Just before midnight last night, New York Attorney General Letitia James announced that her office has "uncovered significant evidence indicating that the Trump Organization used fraudulent and misleading asset valuations on multiple properties to obtain economic benefits, including loans, insurance coverage, and tax deductions for years" and is taking legal action "to force Donald Trump, Donald Trump, Jr., and Ivanka Trump to comply with our investigation." She concluded: "No one is above the law."
James is overseeing a civil case against the Trump organization and is cooperating with a criminal case overseen by the Manhattan district attorney, Alvin Bragg, who recently took over from Cyrus Vance, Jr. When Eric Trump testified in the investigation overseen by James, in 2020, he invoked his Fifth Amendment right against self-incrimination in response to more than 500 questions.
This morning, Maggie Haberman of the New York Times reported that the news of James's insistence that he and his family testify has pushed former president Trump to decide to run for president in 2024. CNN's Jim Sciutto pointed out Trump seems to think that so long as he is running for office, he can persuade people that investigations are all political. In addition, since the Department of Justice decided internally in 1973 that sitting presidents cannot be prosecuted, it is reasonable to assume he thinks that the White House would protect him from ongoing civil or criminal lawsuits.
Those lawsuits might well include some related to the events of January 6. Today the House Select Committee to Investigate the January 6th Attack on the U.S. Capitol issued subpoenas to Nicholas J. Fuentes and Patrick Casey. The two men are leaders of the "America First" or "Groyper" movement, extremist white nationalists trying to inject their views into mainstream politics through trolling and provocation. Both spread lies about election fraud and were at the January 6 insurrection.
The committee's letter to Fuentes notes that he urged his followers to "storm every state capitol until January 20, 2021, until President Trump is inaugurated for four more years," and told supporters to show up at the homes of politicians to push their views. Fuentes received more than $250,000 in Bitcoin from a French computer programmer; Casey received $25,000 from the same donor. The FBI is interested in those donations.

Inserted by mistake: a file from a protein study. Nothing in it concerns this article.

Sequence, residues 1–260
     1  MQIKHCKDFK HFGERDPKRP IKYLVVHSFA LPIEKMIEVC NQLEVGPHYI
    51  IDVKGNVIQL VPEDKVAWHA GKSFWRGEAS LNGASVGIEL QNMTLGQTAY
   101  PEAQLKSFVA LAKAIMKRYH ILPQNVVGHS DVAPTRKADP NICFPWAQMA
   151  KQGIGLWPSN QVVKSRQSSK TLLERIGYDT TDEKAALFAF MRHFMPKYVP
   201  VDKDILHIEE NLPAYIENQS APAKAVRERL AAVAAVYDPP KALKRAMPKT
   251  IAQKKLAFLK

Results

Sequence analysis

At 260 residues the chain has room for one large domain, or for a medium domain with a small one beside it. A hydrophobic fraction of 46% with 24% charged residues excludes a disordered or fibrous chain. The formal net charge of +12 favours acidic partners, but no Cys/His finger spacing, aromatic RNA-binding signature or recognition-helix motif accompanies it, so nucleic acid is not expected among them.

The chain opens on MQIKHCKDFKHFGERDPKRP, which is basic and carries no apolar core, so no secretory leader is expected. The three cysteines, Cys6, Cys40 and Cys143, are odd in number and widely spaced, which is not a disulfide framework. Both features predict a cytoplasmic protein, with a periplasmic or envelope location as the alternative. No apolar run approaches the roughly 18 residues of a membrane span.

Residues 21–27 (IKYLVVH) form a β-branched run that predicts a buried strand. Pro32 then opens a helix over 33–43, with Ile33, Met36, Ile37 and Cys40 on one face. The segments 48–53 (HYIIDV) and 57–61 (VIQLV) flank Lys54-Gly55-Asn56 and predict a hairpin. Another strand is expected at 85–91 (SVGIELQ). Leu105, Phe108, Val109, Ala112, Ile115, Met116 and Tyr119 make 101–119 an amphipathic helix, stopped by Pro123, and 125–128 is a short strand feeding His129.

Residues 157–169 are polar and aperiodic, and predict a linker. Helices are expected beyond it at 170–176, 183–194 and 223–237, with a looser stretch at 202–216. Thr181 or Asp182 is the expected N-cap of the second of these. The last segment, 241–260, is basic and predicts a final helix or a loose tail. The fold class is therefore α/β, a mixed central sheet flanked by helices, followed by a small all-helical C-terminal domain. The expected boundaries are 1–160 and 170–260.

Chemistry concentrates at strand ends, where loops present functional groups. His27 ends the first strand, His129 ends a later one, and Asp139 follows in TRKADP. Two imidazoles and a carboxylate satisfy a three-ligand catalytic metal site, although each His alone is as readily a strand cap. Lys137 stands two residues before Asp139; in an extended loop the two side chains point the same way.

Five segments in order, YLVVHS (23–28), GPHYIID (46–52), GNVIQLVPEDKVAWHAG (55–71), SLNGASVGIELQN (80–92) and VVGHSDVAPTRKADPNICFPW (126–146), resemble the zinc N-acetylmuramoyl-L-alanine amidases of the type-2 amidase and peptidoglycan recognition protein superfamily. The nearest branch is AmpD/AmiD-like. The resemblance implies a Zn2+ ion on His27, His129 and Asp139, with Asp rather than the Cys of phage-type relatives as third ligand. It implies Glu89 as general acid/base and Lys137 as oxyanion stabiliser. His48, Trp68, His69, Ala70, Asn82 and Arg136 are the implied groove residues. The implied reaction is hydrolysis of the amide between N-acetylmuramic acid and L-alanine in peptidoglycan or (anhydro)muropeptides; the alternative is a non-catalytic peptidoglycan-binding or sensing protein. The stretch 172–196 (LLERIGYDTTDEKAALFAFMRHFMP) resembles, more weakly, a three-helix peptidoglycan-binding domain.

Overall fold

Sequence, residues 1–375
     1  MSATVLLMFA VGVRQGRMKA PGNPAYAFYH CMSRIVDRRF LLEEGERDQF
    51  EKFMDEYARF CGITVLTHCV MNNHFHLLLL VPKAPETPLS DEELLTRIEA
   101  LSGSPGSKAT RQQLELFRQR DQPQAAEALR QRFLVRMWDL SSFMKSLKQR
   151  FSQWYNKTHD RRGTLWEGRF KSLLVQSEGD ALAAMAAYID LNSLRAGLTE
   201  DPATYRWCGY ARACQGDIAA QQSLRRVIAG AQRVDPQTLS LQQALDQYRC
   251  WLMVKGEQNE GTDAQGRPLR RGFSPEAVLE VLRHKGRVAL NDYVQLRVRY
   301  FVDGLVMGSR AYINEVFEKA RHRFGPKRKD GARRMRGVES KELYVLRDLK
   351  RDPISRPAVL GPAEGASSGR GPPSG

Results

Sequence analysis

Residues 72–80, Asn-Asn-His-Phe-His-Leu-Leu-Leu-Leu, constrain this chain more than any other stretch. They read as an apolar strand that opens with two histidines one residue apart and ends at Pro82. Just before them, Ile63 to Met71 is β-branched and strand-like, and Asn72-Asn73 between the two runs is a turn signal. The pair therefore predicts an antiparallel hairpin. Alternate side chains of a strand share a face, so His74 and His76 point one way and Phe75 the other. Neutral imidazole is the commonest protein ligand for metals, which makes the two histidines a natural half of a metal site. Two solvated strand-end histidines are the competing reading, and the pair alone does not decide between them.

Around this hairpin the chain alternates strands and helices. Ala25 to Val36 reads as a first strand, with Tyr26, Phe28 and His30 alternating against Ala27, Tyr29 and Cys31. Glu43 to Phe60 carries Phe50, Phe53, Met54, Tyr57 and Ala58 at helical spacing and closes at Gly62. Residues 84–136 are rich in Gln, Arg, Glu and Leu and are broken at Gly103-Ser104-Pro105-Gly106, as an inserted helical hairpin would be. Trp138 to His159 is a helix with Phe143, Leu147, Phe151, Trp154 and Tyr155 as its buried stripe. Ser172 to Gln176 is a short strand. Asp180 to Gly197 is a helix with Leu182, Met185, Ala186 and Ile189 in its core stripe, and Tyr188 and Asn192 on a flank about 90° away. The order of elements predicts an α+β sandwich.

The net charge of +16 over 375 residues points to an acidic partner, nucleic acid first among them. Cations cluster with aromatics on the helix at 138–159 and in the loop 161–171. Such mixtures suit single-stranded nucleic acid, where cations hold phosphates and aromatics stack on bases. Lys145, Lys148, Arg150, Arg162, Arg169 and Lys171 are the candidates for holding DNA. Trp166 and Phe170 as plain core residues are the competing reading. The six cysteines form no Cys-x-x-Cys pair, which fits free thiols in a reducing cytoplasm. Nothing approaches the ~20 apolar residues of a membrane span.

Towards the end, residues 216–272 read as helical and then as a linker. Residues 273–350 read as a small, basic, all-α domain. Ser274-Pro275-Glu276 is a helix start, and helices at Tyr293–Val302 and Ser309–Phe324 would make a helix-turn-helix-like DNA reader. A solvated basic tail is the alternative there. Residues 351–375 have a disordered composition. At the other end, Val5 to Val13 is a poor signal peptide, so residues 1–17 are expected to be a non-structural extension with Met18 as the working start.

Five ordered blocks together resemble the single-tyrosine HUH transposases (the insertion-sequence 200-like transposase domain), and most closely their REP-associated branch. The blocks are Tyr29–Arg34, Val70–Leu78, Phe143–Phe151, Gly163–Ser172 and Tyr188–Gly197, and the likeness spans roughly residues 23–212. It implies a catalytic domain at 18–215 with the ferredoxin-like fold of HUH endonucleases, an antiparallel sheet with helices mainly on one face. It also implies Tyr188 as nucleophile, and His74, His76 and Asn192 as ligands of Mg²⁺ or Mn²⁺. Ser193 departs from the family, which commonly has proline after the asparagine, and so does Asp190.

This evening, the Supreme Court denied Trump's request to block the National Archives and Records Administration from sending documents from the Trump administration concerning the January 6 insurrection to the January 6 committee. The vote was 8 to 1. Justice Clarence Thomas, whose wife, Ginni, supported the January 6 rallies, was the dissenting vote.
The Big Lie from the former president that he had won the 2020 election and been cheated of victory led to the January 6 insurrection; it has now led to a crisis in voting rights, as Republican-dominated state legislatures have rewritten their laws since the 2020 election to suppress Democratic votes and hand election counting over to partisan Republicans.
That, in turn, led the Democrats to try to establish a fair baseline for voting rights in the United States by passing the Freedom to Vote: John R. Lewis Act. The new bill would end partisan gerrymandering, stop dark money in elections, establish early and mail-in voting systems, provide for online registration, and make sure votes are counted fairly. It would modernize and limit the protections for minority voting that Congress first established in 1965 and the Senate renewed unanimously as recently as 2006.
The bill became a lightning rod, as it illustrated the gulf today between Democrats, who want to use the federal government to regulate business, protect civil rights, provide a basic social safety net, and promote infrastructure, and Republicans, who want to stop those things and throw the weight of governance back to the states. If Republican-dominated state legislatures are permitted to keep the laws they have passed limiting voting, they will continue to pass discriminatory laws, including ones that limit women's constitutional rights, stop the teaching of any material that legislators see as "divisive," and so on.